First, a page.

However, other nuggets confront and even overturn expectations. Learners, it seems, are strongly in favour of courses still, although they equally strongly want to follow them at their own pace. Neither of these two facts about learners was necessarily obvious before we had the data. And although the fact that 31% of learning is delivered outside the remit of L&D might not actually shock us, it’s good to have an actual figure on which to focus our thinking.
Looking back over the ten years of Towards Maturity’s existence, as this anniversary invites us to do, it is possible to see a shift to a more quantified phase of innovation marked by this year’s publication.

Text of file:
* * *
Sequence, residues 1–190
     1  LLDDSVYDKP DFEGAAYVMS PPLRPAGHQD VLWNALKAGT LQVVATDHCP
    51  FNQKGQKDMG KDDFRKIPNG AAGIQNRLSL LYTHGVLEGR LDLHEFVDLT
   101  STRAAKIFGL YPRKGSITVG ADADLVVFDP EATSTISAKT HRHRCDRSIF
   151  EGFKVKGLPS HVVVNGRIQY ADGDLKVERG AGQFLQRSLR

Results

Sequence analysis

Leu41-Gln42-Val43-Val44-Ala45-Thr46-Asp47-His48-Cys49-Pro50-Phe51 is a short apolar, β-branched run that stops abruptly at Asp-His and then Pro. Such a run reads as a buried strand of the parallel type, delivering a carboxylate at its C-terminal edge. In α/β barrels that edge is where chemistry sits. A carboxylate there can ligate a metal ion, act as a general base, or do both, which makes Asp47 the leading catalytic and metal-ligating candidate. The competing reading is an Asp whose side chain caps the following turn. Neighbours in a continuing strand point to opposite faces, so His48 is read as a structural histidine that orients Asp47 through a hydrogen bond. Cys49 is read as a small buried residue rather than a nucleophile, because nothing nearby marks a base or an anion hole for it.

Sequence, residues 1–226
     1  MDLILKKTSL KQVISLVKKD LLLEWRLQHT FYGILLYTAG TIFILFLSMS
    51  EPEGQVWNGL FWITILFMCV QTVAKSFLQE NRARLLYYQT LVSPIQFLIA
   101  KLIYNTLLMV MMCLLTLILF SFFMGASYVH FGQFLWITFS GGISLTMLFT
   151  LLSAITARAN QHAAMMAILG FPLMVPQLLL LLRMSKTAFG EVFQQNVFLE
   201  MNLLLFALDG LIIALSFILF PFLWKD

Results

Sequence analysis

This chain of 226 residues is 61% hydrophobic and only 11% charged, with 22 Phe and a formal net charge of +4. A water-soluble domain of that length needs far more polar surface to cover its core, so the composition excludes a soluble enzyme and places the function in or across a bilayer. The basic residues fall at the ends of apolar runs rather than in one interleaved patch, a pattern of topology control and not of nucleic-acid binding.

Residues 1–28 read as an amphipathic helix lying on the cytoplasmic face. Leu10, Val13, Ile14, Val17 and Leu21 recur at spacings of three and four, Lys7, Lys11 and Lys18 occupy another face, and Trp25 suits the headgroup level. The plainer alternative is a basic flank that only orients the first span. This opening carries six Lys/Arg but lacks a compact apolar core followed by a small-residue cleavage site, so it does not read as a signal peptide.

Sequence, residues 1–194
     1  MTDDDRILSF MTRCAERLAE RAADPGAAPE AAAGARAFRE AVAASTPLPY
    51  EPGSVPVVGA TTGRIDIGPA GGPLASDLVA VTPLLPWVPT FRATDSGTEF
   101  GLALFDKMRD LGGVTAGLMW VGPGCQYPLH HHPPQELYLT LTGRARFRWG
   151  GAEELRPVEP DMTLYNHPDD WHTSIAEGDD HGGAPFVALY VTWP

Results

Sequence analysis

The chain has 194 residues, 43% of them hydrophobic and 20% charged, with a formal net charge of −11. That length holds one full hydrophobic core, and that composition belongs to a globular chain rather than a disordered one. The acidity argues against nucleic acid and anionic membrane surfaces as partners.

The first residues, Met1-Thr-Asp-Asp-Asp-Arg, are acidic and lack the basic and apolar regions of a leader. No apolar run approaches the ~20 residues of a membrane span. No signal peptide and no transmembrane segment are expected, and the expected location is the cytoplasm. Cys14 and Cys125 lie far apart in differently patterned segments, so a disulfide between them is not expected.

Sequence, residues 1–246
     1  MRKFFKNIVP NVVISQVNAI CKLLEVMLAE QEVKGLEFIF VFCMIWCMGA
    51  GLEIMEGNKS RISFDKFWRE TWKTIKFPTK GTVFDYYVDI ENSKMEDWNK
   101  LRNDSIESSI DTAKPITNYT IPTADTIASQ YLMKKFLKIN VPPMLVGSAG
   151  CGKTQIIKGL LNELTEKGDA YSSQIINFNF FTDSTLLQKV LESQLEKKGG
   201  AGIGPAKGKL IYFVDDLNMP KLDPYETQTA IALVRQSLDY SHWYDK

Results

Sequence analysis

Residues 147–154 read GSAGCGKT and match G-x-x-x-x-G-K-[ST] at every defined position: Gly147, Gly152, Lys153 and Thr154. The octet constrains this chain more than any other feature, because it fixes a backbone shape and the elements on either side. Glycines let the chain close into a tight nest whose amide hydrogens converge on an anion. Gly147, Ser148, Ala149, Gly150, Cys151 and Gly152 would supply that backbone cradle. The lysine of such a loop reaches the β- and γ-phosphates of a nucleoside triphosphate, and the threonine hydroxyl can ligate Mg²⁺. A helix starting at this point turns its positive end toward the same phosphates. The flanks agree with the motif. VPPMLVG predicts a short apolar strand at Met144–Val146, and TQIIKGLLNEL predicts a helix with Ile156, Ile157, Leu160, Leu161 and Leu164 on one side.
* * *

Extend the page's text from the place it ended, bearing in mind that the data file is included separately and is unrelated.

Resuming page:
What I mean by that slightly opaque sentence is that in earlier years, one could see a marked disconnect between the guru-speak of the conference platform and what organisations like Towards Maturity and the CIPD reported about what was actually happening on the ground.
It was as if every year at the Learning Technologies conference, L&D would imbibe the wisdom about mobile learning, social learning, informal learning etc. and then go home and – to judge from the research – carry on churning out a lot of bog-standard training. What we can see very clearly in this year’s report is the rhetoric of past years at last resulting in change (albeit slow and slightly painful change), and the gap between theory and practice significantly narrowing.